Resonance (2012 winner)

At a glance, Resonance looks like countless games you’ve seen before, what with its low-res art style and point-and-click controls. But you only need to spend a few minutes with this indie gem from Vince Twelve to realize that even though it includes all of the typical hallmarks of adventure gameplay – storytelling, character interaction, puzzle-solving, exploration, and use of inventory – it doesn’t play quite like any other game. For much of the time, you’re able to switch between four main characters, deciding who will work together and when, providing an unusual amount of freedom for a relatively linear storyline. Then there’s the role that memories, both short-term and long-term, play in the puzzles. In Resonance, you can collect memories just like you’d collect inventory items, and then use these to elicit new observations from your playable character, to move forward in a puzzle, or as prompts in conversations with others. As opposed to the virtual bulging pockets of most inventory-heavy adventures, these memory systems provide a vast and believable combination of interactive possibilities.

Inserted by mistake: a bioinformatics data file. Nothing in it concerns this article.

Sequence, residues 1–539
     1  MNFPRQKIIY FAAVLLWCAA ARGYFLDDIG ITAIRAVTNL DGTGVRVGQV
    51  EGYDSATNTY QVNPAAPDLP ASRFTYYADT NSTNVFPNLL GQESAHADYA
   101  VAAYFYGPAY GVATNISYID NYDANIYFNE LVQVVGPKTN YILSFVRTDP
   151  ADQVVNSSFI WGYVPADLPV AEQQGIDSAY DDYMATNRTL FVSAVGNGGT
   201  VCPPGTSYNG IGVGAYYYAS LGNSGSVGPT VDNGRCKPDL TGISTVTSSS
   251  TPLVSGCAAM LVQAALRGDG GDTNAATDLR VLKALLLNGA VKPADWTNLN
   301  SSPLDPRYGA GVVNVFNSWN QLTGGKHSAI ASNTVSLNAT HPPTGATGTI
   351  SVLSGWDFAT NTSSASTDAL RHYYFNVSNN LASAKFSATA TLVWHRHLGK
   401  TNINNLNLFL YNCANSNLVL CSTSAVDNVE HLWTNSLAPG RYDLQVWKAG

And of course there are the puzzles themselves, well designed and relevant to the story, with solutions appropriate to the protagonists’ personalities and motivations. With a map of Aventine City at your fingertips and control over four people who take different approaches to problem-solving, Resonance offers up one clever puzzle after another with steps that can often be tackled in the order you choose and, in several cases, with alternate solutions. This flexibility gives an incentive to replay, as do the multiple endings – and that’s a good thing, since some late story revelations will give you an entirely new perspective on the earlier parts the second time through. It’s very much a traditional point-and-clicker, but rather than resting comfortably on genre traditions, Resonance puts a new spin on the mechanics we’re used to, making it a shoo-in for this year’s Aggie for Best Gameplay.